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Tax: a subject best avoided?

by: (Associate Director, Research and Development) on

You really can’t move for the subject of tax at the moment.

Every day (well, certainly here in the UK) we have another story about which firms haven’t been paying much tax on their stratospheric incomes. That said, most are global firms with international reach, so there are definitely other jurisdictions with an interest (particularly the US it seems).

This week, Apple was caught up in it, with an appearance before a US Senate Committee.

Starbucks tax practices were highlighted earlier in 2013, as were those of Google and Amazon.

The general point seem to be that in times of Joe Public feeling the economic pinch, some of the major firms who are patronised by the general populous are not returning the favour.

But have they actually done anything ‘wrong’?

The Distinction

To be clear, I’m not an expert on tax and accounting matters. But from what I understand, the initial answer seems to be ‘no’.

Investopedia.com defines tax avoidance as “the use of legal methods to modify an individual's financial situation in order to lower the amount of income tax owed. This is generally accomplished by claiming the permissible deductions and credits.”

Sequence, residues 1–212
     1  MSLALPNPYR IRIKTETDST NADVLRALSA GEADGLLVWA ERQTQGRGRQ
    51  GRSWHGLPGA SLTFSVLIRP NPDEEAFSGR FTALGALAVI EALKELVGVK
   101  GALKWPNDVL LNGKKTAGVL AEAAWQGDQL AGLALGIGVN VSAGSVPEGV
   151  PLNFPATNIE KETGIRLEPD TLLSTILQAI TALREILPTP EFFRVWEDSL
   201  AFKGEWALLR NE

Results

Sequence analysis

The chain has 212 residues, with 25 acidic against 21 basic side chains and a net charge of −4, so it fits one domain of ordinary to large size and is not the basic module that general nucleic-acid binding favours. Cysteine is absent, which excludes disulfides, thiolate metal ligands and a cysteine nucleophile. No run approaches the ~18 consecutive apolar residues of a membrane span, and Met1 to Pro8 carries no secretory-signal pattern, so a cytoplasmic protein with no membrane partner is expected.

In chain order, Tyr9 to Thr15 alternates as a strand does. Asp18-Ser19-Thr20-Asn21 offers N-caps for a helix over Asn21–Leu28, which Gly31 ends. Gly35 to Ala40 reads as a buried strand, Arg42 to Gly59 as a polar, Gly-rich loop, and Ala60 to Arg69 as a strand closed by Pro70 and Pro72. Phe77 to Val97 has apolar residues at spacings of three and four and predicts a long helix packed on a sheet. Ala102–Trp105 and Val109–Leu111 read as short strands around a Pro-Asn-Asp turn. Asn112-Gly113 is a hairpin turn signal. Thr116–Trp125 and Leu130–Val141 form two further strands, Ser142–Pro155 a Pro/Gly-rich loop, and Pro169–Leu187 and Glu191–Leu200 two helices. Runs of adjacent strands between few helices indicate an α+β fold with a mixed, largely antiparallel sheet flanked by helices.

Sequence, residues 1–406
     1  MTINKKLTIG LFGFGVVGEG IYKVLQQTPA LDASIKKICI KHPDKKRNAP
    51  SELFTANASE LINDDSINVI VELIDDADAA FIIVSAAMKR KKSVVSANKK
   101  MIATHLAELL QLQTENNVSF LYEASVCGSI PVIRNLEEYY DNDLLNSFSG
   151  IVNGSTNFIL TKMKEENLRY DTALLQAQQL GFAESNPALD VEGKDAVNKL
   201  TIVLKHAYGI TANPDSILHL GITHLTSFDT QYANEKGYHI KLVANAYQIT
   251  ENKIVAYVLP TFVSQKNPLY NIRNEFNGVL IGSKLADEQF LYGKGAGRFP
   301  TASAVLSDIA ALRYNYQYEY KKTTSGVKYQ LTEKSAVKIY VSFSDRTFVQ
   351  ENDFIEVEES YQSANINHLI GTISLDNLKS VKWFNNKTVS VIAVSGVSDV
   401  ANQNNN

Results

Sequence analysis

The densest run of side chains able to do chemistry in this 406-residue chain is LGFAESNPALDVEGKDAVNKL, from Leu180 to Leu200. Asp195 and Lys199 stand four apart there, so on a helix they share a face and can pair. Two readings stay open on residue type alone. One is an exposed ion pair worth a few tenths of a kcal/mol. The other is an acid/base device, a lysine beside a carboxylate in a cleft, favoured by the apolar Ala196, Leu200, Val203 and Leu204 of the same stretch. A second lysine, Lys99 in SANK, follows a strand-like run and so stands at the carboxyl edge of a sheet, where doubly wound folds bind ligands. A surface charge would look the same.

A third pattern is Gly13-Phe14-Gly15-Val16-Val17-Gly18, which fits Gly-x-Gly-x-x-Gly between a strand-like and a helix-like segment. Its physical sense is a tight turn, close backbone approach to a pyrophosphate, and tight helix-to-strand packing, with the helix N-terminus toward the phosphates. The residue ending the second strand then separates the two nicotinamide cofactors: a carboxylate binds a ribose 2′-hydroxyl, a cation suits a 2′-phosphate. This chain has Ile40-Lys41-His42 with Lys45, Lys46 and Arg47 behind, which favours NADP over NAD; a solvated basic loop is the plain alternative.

By way of contrast, it defines tax evasion as “an illegal practice where a person, organization or corporation intentionally avoids paying his/her/its true tax liability. Those caught evading taxes are generally subject to criminal charges and substantial penalties.”

So here, the distinction is essentially ‘is it legal?’ If so, away you go – use your most creative and knowledgeable Accountants and mitigate your liability.

But is it ‘Right’?

This is a different question altogether, and one which is now starting to lead the debate. PM David Cameron doesn’t think so, and opposition leader Ed Milliband is getting in on the act.

So again we come back to the ideas of culture and ethics. Bit of a theme in 2013. What do we want massive firms to do, and do we now take an interest since we’ve realised they’re seemingly not doing it?

Strictly speaking, tax isn’t an issue which we focus on in our courses (albeit the FATF have recognised tax evasion as a predicate offence for money laundering), but culture and ethics certainly are. And it is these aspects which the media and the public are picking up on.

What’s interesting is it is no longer just the Banks which are the focus of this, but any institutions where it seems that the cultural or ethical stance to issues such as tax, whilst apparently being quite legal, still seem questionable.

So we return to the conundrum of what is legal versus what is ‘right’.

Final thought - why are the two things not the same already?  

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